Algae farming pays off for farmers
Cultivating microalgae can be profitable in agriculture. According to researchers, however, it depends on which products are to be produced for which industry.
Microalgae can produce many valuable substances, from dyes to omega-3 fatty acids or proteins, and are therefore a source of hope for the bioeconomy. They are not only used by manufacturers of food, animal feed and cosmetics. Microalgae are also becoming increasingly important for the production of biofuel and new plastics. The cultivation of these aquatic plants could also open up new business areas in agriculture. Under what conditions and for what purposes algae cultivation is worthwhile for farmers, researchers from the Fraunhofer IGB, the University of Hohenheim in Stuttgart and the Karlsruhe Institute of Technology (KIT) have investigated in the FuTuReS joint project. The joint project was funded by the German Federal Ministry of Food and Agriculture.
Scenarios for algae cultivation in agriculture
The project focused on the question of how algae cultivation must be designed so that it is economically viable and ecologically sound at the same time. The interests and expectations of stakeholders from agriculture and the food sector were included. After two years of project work, the prospects are good: the researchers developed concrete scenarios and recommendations for action on how microalgae can be integrated into agricultural production cycles in the future.
Recyclable material extraction and biomass production investigated
At the Fraunhofer IGB, algae were cultivated on a pilot scale. Specifically, this involved the cultivation of the diatom Phaeodactylum tricornutum and its production of valuable substances such as the dye fucoxanthin, the omega-3 fatty acid eicosapentaenoic acid (EPA) and proteins. Cultivation was carried out both in photobioreactors in sunlight in outdoor facilities or greenhouses and with artificial lighting in closed indoor facilities. "In order to increase the economic efficiency of algae cultivation, we also extracted the various valuable substances in FuTuReS from the same biomass one after the other according to the principle of a biorefinery," explains Ulrike Schmid-Staiger, project coordinator at Fraunhofer IGB and head of the institute's algae biotechnology research group.
More biomass with artificial LED lighting
The evaluation of the process data by researchers at the University of Hohenheim showed that the biomass yield of the diatoms was significantly higher under continuous artificial lighting with energy-saving LED lamps than under sunlight or daylight in open-air operation. Here, the production of microalgae mass was increased from 14 to 123 tons per hectare. The cost of producing one kilogram of biomass was reduced by 70%. However, the electricity requirement was twice as high. But in return, 80% water and 86% land were saved. "The increased biomass yield compensates for the higher costs of artificial lighting," sums up Sebastian Weickert, research associate at the Department of "Renewable Resources in the Bioeconomy" at the University of Hohenheim.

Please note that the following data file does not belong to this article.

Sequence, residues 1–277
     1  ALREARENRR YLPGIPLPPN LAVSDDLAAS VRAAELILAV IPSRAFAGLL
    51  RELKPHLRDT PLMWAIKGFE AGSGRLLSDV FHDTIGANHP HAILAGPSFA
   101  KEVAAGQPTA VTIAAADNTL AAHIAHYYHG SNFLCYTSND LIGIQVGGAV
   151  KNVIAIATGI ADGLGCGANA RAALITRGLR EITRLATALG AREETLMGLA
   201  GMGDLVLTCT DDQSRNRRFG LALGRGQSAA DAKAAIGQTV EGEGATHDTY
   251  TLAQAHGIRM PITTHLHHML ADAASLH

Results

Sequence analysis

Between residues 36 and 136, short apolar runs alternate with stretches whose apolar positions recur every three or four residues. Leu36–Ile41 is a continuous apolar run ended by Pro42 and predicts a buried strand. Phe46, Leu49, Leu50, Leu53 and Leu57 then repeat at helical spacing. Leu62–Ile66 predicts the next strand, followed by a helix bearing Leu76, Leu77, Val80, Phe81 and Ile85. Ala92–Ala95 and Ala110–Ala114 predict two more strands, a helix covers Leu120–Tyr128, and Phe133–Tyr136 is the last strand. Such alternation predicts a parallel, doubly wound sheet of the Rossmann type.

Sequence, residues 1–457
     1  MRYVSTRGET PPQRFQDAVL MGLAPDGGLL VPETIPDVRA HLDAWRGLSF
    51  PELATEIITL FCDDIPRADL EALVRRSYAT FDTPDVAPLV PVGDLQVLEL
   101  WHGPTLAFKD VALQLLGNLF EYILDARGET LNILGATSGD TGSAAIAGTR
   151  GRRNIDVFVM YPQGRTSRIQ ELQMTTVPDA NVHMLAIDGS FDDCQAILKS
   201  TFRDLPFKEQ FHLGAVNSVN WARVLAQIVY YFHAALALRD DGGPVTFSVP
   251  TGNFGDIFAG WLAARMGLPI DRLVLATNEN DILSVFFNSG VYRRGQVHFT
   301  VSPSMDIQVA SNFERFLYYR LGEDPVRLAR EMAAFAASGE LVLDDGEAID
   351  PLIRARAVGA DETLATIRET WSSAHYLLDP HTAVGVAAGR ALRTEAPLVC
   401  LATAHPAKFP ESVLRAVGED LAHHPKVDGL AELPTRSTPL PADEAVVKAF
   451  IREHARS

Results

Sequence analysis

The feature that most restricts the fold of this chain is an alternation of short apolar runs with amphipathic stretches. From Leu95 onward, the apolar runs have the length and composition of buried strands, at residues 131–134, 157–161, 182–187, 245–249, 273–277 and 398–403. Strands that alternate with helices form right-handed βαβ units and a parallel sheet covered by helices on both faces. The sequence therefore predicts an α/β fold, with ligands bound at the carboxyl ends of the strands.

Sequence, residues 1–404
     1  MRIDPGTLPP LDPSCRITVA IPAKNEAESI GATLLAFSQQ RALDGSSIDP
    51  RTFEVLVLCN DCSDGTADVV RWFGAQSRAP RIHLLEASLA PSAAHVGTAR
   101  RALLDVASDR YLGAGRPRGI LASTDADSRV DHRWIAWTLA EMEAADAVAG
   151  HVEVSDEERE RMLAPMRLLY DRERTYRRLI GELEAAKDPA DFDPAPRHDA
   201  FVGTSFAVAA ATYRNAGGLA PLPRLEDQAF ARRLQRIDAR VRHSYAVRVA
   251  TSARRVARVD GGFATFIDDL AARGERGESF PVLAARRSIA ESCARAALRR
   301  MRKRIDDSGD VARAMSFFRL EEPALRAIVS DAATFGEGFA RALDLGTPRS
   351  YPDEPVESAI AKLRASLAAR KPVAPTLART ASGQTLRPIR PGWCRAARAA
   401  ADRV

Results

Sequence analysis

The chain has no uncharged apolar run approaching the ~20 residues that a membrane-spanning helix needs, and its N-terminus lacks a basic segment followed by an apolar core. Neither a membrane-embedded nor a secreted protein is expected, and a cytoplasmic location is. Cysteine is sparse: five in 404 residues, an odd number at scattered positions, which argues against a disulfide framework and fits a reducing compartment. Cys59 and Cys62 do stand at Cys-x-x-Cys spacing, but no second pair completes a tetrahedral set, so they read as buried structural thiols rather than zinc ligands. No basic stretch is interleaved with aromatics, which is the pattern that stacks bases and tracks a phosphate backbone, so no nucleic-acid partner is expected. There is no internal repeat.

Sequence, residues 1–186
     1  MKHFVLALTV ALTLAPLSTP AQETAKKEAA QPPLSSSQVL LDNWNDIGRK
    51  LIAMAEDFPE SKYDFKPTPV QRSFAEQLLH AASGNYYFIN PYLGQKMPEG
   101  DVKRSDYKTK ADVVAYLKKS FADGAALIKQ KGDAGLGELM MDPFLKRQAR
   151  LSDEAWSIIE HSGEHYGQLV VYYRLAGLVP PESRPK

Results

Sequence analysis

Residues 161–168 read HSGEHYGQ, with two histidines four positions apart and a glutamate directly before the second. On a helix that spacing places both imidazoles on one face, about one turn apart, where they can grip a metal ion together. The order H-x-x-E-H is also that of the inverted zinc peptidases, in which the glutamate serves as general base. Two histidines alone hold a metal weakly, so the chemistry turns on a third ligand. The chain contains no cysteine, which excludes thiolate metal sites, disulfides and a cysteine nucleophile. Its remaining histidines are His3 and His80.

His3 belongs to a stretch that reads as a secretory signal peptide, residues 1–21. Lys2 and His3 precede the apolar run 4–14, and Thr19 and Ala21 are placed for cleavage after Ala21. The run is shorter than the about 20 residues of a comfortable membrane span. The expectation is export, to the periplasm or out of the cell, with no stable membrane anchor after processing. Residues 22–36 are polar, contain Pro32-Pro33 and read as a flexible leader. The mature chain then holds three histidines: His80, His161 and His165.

Recycling yield varies
The yields of fucoxanthin, eicosapentaenoic acid (EPA) and proteins, on the other hand, were very different. "Our investigations were successful with regard to fucoxanthin and EPA - with these high-priced products, we see that the production effort pays off economically," says Schmid-Staiger. The protein yield, on the other hand, was less profitable, since proteins are currently available on the world market at very favorable prices.
As a result, the researchers are convinced that indoor algae cultivation with energy-saving LED lamps is worthwhile for farmers. "For the production of biomass with artificial light, you do not need agricultural land. Instead, you can use disused agricultural infrastructure, such as vacant barns. This and the high yields of valuable substances make algae cultivation a potentially lucrative business - it depends on which products you want to produce and for which industry they are intended," Weickert sums up.
Another result of the project is that agricultural businesses are generally open to algae cultivation. However, the practitioners point to a considerable need for research and funding in order to be able to establish algae cultivation in agriculture.